As CEO, there is immense pressure to meet earnings projections to maintain credibility and create shareholder value. For Jack Welch, this meant sometimes manipulating earnings or monetizing assets to fill gaps. While this may be seen as negligence or manipulating earnings, Welch saw it as a responsible way to fulfill his obligations. GE was a complex company with both industrial and financial aspects, and Welch's leadership aimed to balance both. Despite questionable decisions, such as selling off the computer business and later trying to buy back Honeywell, Welch led GE to be a highly valued company. However, eventually, the market came back to reality, and GE faced breakup. Similar to Tesla today, the market rewarded GE with an absurd multiple of earnings, showing the importance of managing investor expectations.

Jack Welch's Regrets as CEO of GE

Despite being a successful CEO, Jack Welch regretted his decision to appoint his successor. He did not regret his move into insurance but regretted getting out of the computer industry. Jack's biggest mistake was abandoning the acquisition of Honeywell, which could have tilted the earnings power back to the industrial side. His decision to abandon the Honeywell deal was due to EU's demand for selling various assets that he didn't want to sell. He also regretted firing Dave Cody, the former CEO of Honeywell. GE Capital was once a golden goose that later became an albatross due to arbitraging price that GE had to pay to borrow money.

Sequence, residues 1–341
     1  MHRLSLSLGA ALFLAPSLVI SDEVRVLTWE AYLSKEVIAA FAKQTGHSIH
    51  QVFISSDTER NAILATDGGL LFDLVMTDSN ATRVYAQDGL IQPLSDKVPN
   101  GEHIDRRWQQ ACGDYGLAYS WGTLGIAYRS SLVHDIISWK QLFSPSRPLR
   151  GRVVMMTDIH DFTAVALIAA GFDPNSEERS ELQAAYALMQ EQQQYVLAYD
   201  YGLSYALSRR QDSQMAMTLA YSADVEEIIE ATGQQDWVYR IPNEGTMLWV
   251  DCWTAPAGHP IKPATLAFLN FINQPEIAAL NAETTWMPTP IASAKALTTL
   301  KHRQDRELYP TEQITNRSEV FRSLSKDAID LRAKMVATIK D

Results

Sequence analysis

Ignoring Expert Advice - The Downfall of GE Capital

GE Capital was a profitable business that understood the risks it took, pricing them properly and getting paid for them, unlike other financial institutions that didn't understand risks. Despite warnings from experts, Jeff Immelt, who took over as CEO, ignored the risks and overestimated his own understanding of them. This eventually led to problems for GE Capital during the financial crisis, which Jeff had to beg the Treasury Secretary to solve. In retrospect, Jeff should have listened to his experts and sold GE's real estate business, which would have made a lot of money, instead of waving off their advice. Leaders should not ignore expert advice even if they think they know better, it could lead to negative consequences for the company.

GE's downfall and the importance of credit market understanding